A. reliability.
    B. validity.
    C. accuracy.
    D. correlation.

 

Level: Applied


 

  1. (p. 36)A student sets a computer program to record participants responses to materials in her experiment to the millisecond, rather than to the tenth of a second. Which characteristic of the measuring instrument is the student trying to ensure?
    A. accuracy
    B. precision
    C. validity
    D. reliability

 

Level: Applied

  1. (p. 37)The main difference between physical measurement and psychological measurement is that physical measurement
    A. uses humans as the measurement instruments.
    B. requires multiple observers to assess agreement.
    C. involves dimensions with agreed-upon standards and instruments.
    D. is quantitative and nomothetic.

 

Level: Factual

  1. (p. 37)When using psychological measurement of a dimension such as aggression, psychologists often base their measurements of peoples aggressiveness on
    A. agreement among a number of observers regarding their ratings of behavior on an aggressiveness scale.
    B. consensus among researchers in the field of aggression as to the theoretical definition of aggression.
    C. consistency across operational definitions of aggression.
    D. availability of a precise measuring instrument, preferably based on a physiological response.

 

Level: Factual

  1. (p. 38)A new measure of intelligence (e.g., speed of processing spatial distances) would be a valid measure of intelligence if scores on the new measure were
    A. unrelated to scores on other accepted measures of intelligence.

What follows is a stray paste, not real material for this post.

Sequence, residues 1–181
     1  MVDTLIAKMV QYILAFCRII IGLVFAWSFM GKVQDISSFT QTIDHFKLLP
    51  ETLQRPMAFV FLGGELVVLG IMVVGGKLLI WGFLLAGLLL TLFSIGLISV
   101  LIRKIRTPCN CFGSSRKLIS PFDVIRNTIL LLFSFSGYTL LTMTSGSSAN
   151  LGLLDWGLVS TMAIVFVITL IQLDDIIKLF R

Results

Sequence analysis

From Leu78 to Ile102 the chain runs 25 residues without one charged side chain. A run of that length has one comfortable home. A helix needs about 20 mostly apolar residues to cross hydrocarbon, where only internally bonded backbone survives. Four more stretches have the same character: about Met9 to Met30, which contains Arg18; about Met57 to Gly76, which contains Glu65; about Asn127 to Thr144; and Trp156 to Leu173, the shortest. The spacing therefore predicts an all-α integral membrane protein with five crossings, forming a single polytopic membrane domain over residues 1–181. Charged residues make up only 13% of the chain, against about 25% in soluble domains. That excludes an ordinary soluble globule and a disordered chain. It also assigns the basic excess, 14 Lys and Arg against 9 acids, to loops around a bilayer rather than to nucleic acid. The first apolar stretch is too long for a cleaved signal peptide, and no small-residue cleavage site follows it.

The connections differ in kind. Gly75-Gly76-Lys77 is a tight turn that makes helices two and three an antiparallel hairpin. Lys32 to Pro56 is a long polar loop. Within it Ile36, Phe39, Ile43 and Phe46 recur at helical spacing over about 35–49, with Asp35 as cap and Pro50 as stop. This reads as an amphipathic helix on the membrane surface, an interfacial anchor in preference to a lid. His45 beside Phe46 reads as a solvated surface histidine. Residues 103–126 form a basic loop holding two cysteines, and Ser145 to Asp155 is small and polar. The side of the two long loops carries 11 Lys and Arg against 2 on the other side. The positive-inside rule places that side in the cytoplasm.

B. more varied across people than scores on other accepted measures of intelligence.
    C. more precise than scores on other accepted measures of intelligence.
    D. related to scores on other accepted measures of intelligence.

 

Level: Factual

  1. (p. 38)An individuals score on a test such as the SAT represents how that person consistently performs on such a test only if the SAT test is a _____________ measure.
    A. precise
    B. reliable
    C. valid
    D. standardized

 

Level: Applied

  1. (p. 38)Researchers are more likely to achieve reliable observations when
    A. one observer has spent a long time observing an event.
    B. one observer reports having observed a very unusual event.
    C. two observers provide unique descriptions of an event.
    D. two observers show agreement in their descriptions of an event.

 

Level: Factual

  1. (p. 38)Research suggests that when judging photos of peoples faces, people demonstrate high levels of agreement regarding which faces appear trustworthy, but that these ratings dont correspond to whether the people in the photos are guilty or innocent of cheating on a test. This finding indicates that measurements can be __________, yet not ___________.
    A. reliable; valid
    B. precise; accurate
    C. nomothetic; idiographic
    D. basic; applied

 

Level: Applied

  1. (p. 38)Reliability refers to the ________ of measurement, and validity refers to the ________ of measurement.
    A. calibration; trustworthiness
    B. accuracy; precision
    C. consistency; truthfulness
    D. testability; parsimony

 

Level: Factual

  1. (p. 38)A researcher develops a brief questionnaire measure of peoples level of optimism. To determine whether his measure is a good one, he asks a sample of people to complete his questionnaire twice, separated by one month. At the second session, he also asks his participants to complete another measure of optimismone that has been an accepted measure of optimism for many years. Using this procedure, the researcher is establishing the